Both Kenneth Lonergan's film debut "You Can Count On Me" and his long-awaited, much-delayed follow-up, "Margaret," begin with an accident.
In "You Can Count on Me," it was a couple on a casual late-night drive home suddenly forced into the oncoming lane with a tractor trailer barreling down. The film shifts a few decades later to tell a story of the grown children of those victims: a sister (Laura Linney) and a brother (Mark Ruffalo), bonded together but malformed from a parentless life.
In "Margaret," 17-year-old New York high-schooler Lisa Cohen (Anna Paquin) is out shopping for a cowboy hat in her Upper West Side neighborhood when she spots a good one on a bus driver (Ruffalo). She runs alongside the bus to get his attention, distracting him enough so that he doesn't see the red light, or the middle-aged woman (Allison Janney) crossing the street.
In "You Can Count on Me," the tragedy is felt intimately in a family, its wreckage spread out over time. In "Margaret," it's public and immediate, clouded by the confusion of the moment.
The ironic thing is that while "Margaret" is fiercely contemporary, its moment was years ago. Writer-director Lonergan, an acclaimed playwright, filmed it more than five years ago. It's been held up because Lonergan could only cut a 3-hour version, and the studio, Fox Searchlight, insisted on a 2 ½-hour edit. Law suits followed. The director struggled to shorten the film, even turning to advice from the likes of Martin Scorsese and the late Sidney Lumet.
That tortured history certainly explains some of the flaws of "Margaret," which devolves notably in the last hour. But "Margaret" is at turns exhilarating, bold and insightful — enough so that final judgment of the film's merits will probably have to wait until Lonergan's 3-hour version sees the light of day.
In "Margaret," Lisa's culpability in the accident is intertwined with America's responsibility in 9/11. Lonergan has scaled down the tragedy to a simple traffic accident, but his concern is in considering justice and blame in the wake of a horrific incident. The camera frequently (and sometimes awkwardly) gazes up at the New York skyline.
Even while Lisa, amid bickering New Yorkers, holds the dying, bleeding, confused woman (Janney, in a remarkable, brief performance), you can see the guilt welling up in her eyes. It's an unforgettable scene.
In class (Matt Damon and Matthew Broderick play teachers), Lisa furiously debates a student of Syrian heritage who believes actions by the United States led to 9/11. Lisa refuses to see any guilt in America, and, likewise, she becomes obsessed with the idea that the bus driver deserves punishment.
The film's title comes from Gerard Manley Hopkins' poem "Spring and Fall," read in a class of Lisa's. The poem, addressed to a young girl, Margaret, suggests she grieves not for a loss, but for recognition of her own mortality: "It is the blight man was born for / It is Margaret you mourn for."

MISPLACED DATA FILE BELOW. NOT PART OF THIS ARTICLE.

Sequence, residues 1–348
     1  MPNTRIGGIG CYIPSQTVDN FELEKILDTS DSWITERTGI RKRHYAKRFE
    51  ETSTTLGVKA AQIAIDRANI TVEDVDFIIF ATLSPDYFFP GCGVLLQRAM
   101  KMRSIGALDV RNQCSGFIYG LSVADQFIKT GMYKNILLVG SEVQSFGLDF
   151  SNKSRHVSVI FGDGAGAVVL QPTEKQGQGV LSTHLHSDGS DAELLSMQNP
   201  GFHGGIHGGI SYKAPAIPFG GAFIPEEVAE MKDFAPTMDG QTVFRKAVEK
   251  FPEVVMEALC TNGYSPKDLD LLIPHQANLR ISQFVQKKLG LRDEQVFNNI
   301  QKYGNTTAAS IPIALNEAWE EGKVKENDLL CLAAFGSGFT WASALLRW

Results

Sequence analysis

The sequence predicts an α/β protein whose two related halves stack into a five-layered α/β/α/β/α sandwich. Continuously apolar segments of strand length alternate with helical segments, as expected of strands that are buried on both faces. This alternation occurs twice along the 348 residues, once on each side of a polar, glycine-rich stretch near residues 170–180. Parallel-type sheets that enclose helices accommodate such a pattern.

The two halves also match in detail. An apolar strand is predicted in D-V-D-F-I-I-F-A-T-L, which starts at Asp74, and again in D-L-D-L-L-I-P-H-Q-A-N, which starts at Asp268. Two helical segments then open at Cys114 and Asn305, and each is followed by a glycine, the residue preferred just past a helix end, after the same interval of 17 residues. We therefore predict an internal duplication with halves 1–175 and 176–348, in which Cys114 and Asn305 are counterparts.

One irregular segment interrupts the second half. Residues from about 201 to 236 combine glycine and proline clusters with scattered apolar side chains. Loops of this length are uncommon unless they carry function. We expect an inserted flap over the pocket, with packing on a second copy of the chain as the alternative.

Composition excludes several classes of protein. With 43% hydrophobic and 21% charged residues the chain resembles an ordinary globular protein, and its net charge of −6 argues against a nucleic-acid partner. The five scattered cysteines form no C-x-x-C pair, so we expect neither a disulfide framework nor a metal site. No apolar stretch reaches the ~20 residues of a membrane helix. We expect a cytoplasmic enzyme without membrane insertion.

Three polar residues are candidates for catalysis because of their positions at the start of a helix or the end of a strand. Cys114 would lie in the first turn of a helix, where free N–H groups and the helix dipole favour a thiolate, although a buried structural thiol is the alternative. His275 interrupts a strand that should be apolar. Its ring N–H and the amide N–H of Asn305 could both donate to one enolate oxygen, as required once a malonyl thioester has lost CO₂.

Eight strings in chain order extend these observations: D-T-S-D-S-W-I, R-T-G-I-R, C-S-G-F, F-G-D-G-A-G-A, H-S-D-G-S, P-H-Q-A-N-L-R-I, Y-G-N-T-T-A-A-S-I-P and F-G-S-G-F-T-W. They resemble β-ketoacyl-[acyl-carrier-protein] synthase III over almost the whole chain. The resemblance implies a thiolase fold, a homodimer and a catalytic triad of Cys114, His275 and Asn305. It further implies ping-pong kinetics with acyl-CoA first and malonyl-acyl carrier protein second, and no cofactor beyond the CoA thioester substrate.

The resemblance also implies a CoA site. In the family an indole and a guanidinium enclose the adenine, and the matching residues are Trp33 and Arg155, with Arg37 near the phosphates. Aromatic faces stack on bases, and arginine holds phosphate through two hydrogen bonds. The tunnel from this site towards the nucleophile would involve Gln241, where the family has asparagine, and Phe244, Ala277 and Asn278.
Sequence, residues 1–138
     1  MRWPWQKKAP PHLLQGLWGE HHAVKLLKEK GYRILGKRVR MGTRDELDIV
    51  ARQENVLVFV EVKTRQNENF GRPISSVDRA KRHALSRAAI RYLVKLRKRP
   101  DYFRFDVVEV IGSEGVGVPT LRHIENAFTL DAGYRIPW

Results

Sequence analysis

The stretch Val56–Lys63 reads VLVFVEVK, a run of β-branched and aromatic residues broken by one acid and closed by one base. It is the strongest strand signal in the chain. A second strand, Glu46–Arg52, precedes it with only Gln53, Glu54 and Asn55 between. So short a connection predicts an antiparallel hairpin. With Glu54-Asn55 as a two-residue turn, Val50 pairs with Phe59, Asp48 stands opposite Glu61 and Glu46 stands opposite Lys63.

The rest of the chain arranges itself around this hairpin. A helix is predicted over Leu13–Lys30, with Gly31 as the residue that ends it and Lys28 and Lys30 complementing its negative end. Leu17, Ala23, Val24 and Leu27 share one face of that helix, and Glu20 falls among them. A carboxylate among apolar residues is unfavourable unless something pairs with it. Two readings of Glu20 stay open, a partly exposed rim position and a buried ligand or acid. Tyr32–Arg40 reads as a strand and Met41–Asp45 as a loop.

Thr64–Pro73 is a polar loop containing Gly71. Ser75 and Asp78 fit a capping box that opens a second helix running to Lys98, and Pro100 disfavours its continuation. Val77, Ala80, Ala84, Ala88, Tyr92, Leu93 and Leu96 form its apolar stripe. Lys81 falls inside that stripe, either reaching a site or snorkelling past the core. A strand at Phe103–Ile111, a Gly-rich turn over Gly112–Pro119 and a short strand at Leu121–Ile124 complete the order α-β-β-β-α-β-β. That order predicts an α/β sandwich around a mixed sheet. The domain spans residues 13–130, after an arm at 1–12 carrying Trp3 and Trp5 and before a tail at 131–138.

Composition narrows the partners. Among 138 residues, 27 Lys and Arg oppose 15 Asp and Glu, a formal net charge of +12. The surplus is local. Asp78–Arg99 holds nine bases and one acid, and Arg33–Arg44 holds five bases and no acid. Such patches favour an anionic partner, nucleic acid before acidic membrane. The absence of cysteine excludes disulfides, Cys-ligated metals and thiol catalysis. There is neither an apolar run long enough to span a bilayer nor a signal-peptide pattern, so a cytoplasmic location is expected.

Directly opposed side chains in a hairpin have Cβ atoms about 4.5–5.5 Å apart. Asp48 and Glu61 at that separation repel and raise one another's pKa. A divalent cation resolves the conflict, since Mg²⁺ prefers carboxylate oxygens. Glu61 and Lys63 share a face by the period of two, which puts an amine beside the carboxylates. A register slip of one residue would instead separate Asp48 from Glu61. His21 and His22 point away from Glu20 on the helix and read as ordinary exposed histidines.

Lisa, too, descends into meaninglessness, lashing out at everyone around her. She gives up her virginity with a haphazard invite by phone and a boy (Kieran Culkin) she jokes about caring for.
She can be petulant and obnoxious, but Lisa is still admirable. She's on a frantic moral quest, desperate for justice and for clarity.
Most adults are of little help. Her mother (J. Smith-Cameron, in a fine performance), an actress, is more concerned with the opening of her new play. Her divorced father (Lonergan) is absentee, only available for impersonal long-distance calls from Los Angeles.
Paquin is exceptional. Even if she hadn't become a star from "True Blood" since "Margaret" was filmed, this performance — searching, ferocious — would have done the trick.
There are numerous subplots and characters I'm not even mentioning (the film even finds room for a suave Jean Reno as a suitor of Lisa's mother). It's expansive and epic, and one has the sense of Lonergan wading into a moral morass and losing his way, too.
I count 2000's "You Can Count on Me," humanistic and warm, as among the best films of the '00s. Lonergan's sympathy for his characters is here, too. From scene to scene, he so acutely portrays people forever in their own heads, always disconnected from one another.
It's possible Lonergan has lost his way, (his similarly long-awaited 2009 play, "Starry Messenger," was a mess on Broadway). This 2½ hour "Margaret" is unfocused and overcooked, but it's good enough to believe the filmmaker's 3-hour "Margaret" should be released — if for no other reason than to placate curiosity.
Throughout the film, art — plays, literature, movies and the opera — is lurking on the outskirts of Lisa's life. She denies its usefulness to real anguish until the final scene, set at the opera, where "Margaret" ends in the same way "You Can Count on Me" does: with a hug.
The crescendo, though, doesn't bare the emotion it should, and "Margaret" remains tantalizingly unfulfilled.
"Margaret," a Fox Searchlight Pictures release, is rated R for strong language, sexuality, some drug use and disturbing images. Running time: 150 minutes. Two and a half stars out of four.
Motion Picture Association of America rating definitions:
G — General audiences. All ages admitted.
PG — Parental guidance suggested. Some material may not be suitable for children.
PG-13 — Special parental guidance strongly suggested for children under 13. Some material may be inappropriate for young children.
R — Restricted. Under 17 requires accompanying parent or adult guardian.
NC-17 — No one under 17 admitted.